small moments matter

As I work with leaders, teachers and learners across multiple networks and contexts it has become clear that #smallmomentsmatter.
The small moment when a leader asks “good morning, how are you….and follows up with “and how is your wife/husband/family/dog/goldfish….”…the small moment that sees a teacher ask the ungoogleable “how did that feel for you….” …..the small moments when feedback is more than “good job” or “well done…”.

BIG DATA – massive amounts of information that takes tremendous processing power; inaccessible to you and me in our moment by moment lives….but what about small data? Those in-the-moment-observations and chances, in a volume and format that is accessible, informative and actionable. Big Data helps us in analyzing the past, but may have nothing to do with the future. Small Data is personal, actionable and about Presence.*

Small data; small moments go hand-in-hand with the “e” word: explicit.
Explicit intent.
Explicit focus.
Explicit sensitivity and connection to context.

For Leaders, small moments build relationships.
For teachers, small moments allow us to personalize learning design.
For students, when small moments matter, learning is connected to who they are, where they are, and makes learning authentic, purposeful, engaging and challenging.

Small moments are woven into the fabric of every day, every hour.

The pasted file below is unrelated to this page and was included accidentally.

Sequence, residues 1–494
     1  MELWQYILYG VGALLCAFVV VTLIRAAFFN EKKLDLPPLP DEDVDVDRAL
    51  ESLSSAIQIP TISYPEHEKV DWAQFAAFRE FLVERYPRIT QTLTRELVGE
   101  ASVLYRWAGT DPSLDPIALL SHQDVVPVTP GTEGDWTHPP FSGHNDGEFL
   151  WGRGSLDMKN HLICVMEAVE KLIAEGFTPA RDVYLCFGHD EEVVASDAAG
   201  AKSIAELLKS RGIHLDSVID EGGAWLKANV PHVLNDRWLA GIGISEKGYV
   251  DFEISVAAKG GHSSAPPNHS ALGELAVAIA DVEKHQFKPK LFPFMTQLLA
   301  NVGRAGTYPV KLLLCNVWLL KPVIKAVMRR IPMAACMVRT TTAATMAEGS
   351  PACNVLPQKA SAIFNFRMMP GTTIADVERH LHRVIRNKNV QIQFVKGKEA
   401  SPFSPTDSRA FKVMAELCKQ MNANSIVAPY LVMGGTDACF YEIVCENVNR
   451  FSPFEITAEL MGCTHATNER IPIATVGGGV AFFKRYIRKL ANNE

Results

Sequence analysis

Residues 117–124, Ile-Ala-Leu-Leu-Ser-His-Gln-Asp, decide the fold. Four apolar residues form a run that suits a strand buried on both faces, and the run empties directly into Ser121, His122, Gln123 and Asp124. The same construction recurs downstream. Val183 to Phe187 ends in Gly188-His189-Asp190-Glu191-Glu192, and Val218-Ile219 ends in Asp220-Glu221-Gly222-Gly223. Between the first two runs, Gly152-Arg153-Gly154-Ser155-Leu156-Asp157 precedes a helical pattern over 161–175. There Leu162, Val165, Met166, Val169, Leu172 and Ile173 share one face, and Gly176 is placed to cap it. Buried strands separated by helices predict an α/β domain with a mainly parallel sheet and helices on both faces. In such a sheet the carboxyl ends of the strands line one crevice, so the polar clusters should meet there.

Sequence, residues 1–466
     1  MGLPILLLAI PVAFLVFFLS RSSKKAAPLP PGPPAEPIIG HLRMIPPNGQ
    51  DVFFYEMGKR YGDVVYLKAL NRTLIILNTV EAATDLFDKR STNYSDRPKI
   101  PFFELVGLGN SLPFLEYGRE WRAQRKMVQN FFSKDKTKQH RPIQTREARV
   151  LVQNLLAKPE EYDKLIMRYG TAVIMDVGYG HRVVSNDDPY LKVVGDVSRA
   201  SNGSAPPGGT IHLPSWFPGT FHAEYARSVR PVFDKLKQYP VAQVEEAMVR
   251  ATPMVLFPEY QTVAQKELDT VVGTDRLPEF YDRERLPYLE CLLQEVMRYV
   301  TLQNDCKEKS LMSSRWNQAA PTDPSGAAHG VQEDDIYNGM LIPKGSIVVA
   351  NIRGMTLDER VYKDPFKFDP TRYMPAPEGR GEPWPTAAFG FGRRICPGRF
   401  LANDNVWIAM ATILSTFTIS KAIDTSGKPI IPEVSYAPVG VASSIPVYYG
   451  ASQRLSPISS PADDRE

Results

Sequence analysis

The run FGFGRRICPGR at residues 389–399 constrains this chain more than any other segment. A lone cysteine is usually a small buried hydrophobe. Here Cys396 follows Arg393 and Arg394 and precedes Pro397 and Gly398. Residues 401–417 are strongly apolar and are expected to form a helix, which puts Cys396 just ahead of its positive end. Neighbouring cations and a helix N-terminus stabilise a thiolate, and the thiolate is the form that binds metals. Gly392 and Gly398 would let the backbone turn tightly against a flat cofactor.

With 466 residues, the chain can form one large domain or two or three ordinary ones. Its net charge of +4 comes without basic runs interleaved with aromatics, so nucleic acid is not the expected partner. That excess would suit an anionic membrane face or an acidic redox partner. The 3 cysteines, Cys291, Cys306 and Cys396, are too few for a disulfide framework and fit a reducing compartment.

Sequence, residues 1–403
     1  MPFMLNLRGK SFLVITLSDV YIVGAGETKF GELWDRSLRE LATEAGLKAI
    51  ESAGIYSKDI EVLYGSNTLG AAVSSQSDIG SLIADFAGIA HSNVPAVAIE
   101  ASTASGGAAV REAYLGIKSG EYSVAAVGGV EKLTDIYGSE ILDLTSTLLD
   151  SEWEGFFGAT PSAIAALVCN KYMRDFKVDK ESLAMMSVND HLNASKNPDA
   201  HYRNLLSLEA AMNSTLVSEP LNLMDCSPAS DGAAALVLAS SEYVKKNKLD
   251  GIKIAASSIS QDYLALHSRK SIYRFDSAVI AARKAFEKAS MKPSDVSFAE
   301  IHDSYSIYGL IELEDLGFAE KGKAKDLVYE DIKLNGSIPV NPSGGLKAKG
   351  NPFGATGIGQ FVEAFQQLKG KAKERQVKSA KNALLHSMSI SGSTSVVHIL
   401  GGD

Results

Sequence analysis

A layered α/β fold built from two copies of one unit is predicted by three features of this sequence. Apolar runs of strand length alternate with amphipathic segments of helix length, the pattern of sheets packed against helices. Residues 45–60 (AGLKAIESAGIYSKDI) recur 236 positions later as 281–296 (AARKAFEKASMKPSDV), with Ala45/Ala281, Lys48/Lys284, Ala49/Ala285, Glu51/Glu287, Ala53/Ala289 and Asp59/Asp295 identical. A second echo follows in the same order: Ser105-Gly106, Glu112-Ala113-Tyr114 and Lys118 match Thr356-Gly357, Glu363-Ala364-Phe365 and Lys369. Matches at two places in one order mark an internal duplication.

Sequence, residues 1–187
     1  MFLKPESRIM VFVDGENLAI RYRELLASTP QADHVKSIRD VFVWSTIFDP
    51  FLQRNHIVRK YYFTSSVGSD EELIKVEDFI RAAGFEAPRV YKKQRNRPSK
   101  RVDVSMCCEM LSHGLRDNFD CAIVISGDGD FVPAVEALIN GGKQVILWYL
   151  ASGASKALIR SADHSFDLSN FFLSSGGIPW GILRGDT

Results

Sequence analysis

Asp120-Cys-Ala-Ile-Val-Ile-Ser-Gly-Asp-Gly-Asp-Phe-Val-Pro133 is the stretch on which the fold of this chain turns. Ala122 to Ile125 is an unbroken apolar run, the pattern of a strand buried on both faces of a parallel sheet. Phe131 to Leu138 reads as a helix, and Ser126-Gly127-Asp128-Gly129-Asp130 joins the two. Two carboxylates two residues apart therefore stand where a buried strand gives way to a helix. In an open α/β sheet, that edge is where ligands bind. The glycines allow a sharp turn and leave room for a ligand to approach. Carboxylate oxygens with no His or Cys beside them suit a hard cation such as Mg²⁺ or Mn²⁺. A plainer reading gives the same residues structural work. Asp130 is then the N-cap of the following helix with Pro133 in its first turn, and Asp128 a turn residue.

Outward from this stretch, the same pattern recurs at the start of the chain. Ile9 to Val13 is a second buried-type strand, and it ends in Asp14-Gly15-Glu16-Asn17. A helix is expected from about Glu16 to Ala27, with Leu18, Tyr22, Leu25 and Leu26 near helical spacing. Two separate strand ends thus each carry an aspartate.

Pursue them, recognize them, embrace them…..big change starts with small moments.


* Presence: Human Purpose and the Field of the Future. Peter M. Senge, C. Otto Scharmer, Joseph Jaworski and Betty Sue Flowers. A great read!

Also see our bestseller Deep Learning – engage the world change the world for vignettes and illustrations about how #smallmomentsmatter

Leapfrogging Good

One of the most frustrating and limiting factors teachers, schools and systems can encounter is legacy thinking that isolates aspirations, resources, teachers and students.

Legacy thinking that frames these aspirations, resources, teachers and students as “Mine or Yours”.

Legacy thinking that reinforces silos and perpetuates the myth that he who dies with the most toys wins….

Why wouldn’t we, as Will Richardson advocates in 19 Bold Ideas for Change in Education, Share Everything.


Imagine the power of a collective, a community that begins its life by leapfrogging good, and starts at great. A collective in which practice is amplified and accelerated by the need to be excellent, just to get to the starting line.

In a post creative commons era, “Mine and Yours” legacy thinking not only loses relevance, but shackles us to prevailing practices.

In pursuit of excellence, would you consider giving away your best ideas?




Acknowledging, with respect, the thought leadership of the late Greg Butler.

November 2013, NPDL Hong Kong “Legacy thinking will hold us back”

change is messy

“The more accustomed one becomes to dealing with the unknown, the more one understands that creative breakthroughs are always preceded by periods of cloudy thinking, confusion, exploration, trial and stress; followed by periods of excitement and growing confidence as one pursues purposeful change, or copes with unwanted change.”


Michael Fullan. Change Forces: Probing the Depths of Educational Reform. p17

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